Through the imposition of crisis and debt,
the developing countries effectively loses their souverignty
At the hands of international institutions (IMF, World Bank) - controlled by the US
Reagan, Thatcher, Pinochet
1989
November 9
June 4
Tiananmen Square protests
The fall of the Berlin Wall
People powered politics: the collapse of an empire through social unrest
After the collapse:
The world market becomes one whole
The US the worlds sole remaining super-power
November 30
1999
The Battle of Seattle
activists and protesters manage to shut down the World Trade Organization ministerial in Seattle
What was building up since the '80s in the Global South finally achieves a victory and profoundly changes the public discourse on globalization
and the legitimacy of global institutions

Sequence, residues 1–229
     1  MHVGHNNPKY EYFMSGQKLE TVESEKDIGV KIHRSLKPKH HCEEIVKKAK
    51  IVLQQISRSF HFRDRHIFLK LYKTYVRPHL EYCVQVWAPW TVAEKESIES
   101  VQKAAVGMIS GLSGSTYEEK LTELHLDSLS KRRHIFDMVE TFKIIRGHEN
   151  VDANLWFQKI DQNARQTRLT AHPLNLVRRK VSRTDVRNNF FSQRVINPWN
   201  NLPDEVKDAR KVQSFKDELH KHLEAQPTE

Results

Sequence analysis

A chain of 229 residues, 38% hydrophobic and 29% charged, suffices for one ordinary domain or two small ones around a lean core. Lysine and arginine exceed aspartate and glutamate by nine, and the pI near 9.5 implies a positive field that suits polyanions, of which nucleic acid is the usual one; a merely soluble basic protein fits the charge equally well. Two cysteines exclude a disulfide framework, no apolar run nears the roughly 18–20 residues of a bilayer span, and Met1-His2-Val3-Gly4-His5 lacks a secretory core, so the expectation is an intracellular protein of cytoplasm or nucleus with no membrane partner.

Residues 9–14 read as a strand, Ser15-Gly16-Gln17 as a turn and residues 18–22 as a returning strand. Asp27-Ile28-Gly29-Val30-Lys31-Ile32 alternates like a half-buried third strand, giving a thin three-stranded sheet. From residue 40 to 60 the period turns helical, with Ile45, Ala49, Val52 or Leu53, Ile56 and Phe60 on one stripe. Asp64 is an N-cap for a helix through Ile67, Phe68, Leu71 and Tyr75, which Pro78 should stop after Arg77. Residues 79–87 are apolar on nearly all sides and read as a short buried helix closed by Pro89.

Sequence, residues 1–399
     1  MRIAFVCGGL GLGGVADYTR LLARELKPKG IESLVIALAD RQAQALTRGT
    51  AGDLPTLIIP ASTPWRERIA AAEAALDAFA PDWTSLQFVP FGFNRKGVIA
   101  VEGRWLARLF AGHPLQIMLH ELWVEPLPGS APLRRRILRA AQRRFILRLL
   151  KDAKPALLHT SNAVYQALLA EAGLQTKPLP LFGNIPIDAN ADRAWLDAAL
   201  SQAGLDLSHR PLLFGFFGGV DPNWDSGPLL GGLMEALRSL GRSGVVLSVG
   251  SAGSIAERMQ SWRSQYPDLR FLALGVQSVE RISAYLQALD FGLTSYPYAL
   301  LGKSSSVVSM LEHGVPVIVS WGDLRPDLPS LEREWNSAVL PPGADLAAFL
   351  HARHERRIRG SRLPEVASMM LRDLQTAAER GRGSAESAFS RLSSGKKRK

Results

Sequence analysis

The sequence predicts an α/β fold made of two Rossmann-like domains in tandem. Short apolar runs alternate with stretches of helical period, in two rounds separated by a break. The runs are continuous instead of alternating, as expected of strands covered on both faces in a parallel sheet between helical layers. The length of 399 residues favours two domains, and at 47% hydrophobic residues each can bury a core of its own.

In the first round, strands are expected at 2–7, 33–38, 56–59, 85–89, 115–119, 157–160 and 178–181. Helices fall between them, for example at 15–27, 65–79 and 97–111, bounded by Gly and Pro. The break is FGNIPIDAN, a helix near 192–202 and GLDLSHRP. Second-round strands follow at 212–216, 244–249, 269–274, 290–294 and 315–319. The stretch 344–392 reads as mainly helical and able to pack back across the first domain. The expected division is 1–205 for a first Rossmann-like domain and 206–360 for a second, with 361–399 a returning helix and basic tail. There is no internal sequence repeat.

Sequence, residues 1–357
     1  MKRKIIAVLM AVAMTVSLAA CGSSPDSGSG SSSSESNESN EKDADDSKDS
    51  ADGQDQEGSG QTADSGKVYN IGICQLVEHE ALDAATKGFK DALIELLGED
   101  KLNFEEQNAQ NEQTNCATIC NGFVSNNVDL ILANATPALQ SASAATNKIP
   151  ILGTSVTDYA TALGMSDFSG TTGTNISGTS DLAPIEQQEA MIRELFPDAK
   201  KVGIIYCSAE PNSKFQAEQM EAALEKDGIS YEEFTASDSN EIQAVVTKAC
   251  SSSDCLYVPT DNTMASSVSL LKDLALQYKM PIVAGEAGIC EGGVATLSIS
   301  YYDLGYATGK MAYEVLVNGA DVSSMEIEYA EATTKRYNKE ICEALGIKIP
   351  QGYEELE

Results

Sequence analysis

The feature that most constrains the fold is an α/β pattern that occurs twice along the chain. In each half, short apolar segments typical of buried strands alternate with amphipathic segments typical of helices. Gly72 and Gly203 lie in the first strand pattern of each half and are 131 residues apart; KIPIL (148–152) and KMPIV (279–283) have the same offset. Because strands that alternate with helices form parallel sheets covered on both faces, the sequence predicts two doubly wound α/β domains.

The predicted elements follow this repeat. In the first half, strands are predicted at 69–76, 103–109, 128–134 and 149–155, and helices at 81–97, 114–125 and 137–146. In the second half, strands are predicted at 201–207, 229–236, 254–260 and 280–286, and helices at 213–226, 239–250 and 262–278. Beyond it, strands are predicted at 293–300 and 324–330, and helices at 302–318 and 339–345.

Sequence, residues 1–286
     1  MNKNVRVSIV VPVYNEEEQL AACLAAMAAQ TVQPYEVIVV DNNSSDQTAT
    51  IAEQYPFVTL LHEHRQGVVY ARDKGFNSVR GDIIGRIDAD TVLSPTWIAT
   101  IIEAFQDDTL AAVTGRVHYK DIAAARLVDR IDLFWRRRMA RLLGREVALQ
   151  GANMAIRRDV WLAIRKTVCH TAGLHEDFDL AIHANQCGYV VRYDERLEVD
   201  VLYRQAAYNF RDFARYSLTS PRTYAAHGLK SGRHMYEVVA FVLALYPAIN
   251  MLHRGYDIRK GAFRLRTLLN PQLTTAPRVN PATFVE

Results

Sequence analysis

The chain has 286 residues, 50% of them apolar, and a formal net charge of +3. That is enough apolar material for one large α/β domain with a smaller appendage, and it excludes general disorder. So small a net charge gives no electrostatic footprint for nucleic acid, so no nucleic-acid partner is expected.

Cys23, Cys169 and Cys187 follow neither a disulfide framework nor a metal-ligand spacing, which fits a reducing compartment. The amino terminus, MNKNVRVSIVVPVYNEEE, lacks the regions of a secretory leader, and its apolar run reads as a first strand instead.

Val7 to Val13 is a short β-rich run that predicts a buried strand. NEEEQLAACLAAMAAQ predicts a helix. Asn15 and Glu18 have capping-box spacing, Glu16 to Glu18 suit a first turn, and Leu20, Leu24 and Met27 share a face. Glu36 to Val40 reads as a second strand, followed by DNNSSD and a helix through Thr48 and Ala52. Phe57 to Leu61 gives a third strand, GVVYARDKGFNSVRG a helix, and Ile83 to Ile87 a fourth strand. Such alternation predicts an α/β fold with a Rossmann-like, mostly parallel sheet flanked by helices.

The Global Justice Movement was born!
9 stories from the past + 1 you will co-write!
Global restructuring /
"Globalization from above"
Global resistance and struggles - "Globalization from below"
1787
May 22
Abolishing the Slave Trade
The world's first global human rights campaign
March 25, 1807: British Parliament abolishes Slave Trade
Committee for the Abolition of the Slave Trade
Thomas Clarkson
Granville Sharp
Olaudah Equiano
- and even becomes a hollywood movie!
May X
2010
What dates spring to mind
when talking globalization?
?
- very little benefit from structural adjustment (IMF, World Bank)
- very low rate of foreign investment
- primarily in extracting industries (oil, mining)
- often not benefitting local communities nor national economies (low or no taxation)
- while creating special zones or spatial enclaves linked to the global economy - while the surrounding society is left out
- from socially 'thick' presence of mining companies - to socially 'thin' (Ferguson): no considerable positive effects in growth, welfare, infrastructure etc.
Africa in the Global Economy:
Ferguson: the hype about globalization as 'world-wide'
interconnectedness and 'capital flows' as covering the globe
is not matched with reality on the African continent
Full transcript